An old oil tank buried under concrete was found to have contaminated soil under the old Co-op building.
“The tank had leaked over a period of time into the soils below,” said the city’s director of development services Marvin Kwiatkowski in an e-mail.
Test results show the tank’s contents were a diesel-like product. While much of the soil has been pulled to the top to aerate, more soil is expected to be excavated.
“We plan to excavate more contaminated soil, store on-site for a short time (up to one month) and then transport to Hazco’s soil remediation cells at the Terrace landfill,” said Kwiatkowski. “Treatment of the soil would be done by Hazco.”
The city of Terrace had set aside $47,400 in the co-op demolition budget to deal with unforeseen circumstances like this, he said.
The initial consultation fee is estimated to be $5,000, said Kwiatkowski, adding he’s not sure what the final cost to the city will be to deal with the soil. The tank was discovered in early November buried under nine feet of soil and concrete floor, and had small holes around the middle.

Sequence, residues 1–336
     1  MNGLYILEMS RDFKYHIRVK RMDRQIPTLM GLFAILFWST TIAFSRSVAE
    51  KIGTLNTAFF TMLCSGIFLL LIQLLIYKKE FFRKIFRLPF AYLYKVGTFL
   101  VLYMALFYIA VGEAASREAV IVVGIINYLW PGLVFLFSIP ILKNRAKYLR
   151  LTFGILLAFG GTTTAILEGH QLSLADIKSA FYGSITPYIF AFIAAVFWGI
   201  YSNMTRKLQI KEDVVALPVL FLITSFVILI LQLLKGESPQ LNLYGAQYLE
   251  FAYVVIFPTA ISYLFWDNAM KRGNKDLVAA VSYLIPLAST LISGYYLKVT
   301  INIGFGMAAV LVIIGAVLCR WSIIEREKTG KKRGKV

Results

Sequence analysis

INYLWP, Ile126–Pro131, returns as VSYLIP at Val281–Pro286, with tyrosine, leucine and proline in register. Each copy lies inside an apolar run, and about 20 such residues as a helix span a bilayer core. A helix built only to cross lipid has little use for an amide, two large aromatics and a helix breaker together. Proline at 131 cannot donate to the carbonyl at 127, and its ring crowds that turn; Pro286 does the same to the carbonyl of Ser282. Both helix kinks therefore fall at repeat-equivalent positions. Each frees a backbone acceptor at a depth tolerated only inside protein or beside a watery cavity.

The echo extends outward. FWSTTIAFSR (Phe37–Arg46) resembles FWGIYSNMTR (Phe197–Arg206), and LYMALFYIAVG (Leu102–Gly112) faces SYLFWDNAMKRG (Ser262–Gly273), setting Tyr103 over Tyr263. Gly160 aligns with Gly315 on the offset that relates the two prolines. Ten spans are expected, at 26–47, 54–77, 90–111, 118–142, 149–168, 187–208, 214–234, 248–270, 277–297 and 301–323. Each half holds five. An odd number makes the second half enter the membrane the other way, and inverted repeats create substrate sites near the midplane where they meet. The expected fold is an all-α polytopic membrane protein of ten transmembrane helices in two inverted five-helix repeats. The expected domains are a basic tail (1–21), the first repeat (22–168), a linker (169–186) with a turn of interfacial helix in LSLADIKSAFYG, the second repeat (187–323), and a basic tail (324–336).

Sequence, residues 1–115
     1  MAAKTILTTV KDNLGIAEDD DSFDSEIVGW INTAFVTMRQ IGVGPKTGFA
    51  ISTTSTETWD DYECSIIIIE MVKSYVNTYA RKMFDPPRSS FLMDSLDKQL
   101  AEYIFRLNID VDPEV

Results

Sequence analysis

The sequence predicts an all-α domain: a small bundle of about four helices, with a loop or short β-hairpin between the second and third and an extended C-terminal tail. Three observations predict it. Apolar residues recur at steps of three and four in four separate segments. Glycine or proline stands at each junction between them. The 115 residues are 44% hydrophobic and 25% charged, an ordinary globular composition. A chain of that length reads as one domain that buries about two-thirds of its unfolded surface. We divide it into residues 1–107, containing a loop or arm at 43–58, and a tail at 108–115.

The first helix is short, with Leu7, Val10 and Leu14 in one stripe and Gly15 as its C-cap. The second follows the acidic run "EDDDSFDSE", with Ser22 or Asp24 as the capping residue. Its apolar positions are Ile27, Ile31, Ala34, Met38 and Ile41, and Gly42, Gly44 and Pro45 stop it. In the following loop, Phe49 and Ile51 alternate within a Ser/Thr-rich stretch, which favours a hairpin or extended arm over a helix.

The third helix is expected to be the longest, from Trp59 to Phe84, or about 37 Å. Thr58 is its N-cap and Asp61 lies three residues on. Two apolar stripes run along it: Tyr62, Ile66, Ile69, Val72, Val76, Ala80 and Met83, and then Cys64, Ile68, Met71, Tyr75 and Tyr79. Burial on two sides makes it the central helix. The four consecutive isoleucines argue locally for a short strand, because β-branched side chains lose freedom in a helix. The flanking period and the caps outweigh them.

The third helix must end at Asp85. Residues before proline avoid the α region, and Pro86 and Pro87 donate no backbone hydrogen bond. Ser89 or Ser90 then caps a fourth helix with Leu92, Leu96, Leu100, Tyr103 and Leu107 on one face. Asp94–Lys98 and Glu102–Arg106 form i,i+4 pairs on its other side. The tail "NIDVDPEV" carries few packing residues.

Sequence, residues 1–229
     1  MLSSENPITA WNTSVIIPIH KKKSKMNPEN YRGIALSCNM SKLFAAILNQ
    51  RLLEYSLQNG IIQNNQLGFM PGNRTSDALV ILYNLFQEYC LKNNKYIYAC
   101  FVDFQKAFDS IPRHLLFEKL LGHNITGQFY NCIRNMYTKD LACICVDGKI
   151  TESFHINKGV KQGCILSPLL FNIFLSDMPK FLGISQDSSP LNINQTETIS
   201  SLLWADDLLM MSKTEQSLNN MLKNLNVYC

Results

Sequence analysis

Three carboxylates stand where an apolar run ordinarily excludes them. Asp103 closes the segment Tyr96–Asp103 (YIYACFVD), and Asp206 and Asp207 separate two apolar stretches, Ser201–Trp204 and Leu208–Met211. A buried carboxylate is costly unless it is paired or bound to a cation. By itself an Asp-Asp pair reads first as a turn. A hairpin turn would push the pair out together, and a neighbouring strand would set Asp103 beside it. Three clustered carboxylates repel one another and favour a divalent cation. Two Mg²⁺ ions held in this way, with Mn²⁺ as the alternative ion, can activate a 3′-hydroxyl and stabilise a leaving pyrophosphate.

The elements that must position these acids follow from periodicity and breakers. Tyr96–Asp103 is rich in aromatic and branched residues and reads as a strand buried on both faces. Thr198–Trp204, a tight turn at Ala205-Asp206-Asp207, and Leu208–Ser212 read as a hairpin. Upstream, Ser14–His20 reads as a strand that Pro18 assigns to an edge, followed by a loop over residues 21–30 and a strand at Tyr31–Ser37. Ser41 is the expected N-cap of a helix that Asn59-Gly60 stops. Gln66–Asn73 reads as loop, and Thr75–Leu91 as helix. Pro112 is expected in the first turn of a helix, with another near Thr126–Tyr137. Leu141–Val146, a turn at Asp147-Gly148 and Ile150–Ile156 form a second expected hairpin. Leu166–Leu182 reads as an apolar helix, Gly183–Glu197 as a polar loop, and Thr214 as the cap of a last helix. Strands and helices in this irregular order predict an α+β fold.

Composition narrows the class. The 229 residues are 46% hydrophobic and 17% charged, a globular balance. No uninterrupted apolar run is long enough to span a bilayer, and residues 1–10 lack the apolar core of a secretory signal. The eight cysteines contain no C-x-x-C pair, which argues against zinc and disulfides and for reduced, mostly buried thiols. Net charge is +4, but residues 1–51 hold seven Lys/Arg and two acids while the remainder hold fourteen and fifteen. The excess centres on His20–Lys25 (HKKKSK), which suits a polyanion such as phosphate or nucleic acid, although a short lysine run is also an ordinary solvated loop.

Kwiatkowski said it likely dates back to the 1940s when this type of tank was used to heat buildings and homes.
“The underground storage tank was likely used to heat one of the original buildings on the site,” he said. “It is likely the tank has not been in use since the 1960s.”
It was not found during initial ground penetrating radar tests because it was buried under concrete, said Kwiatkowski.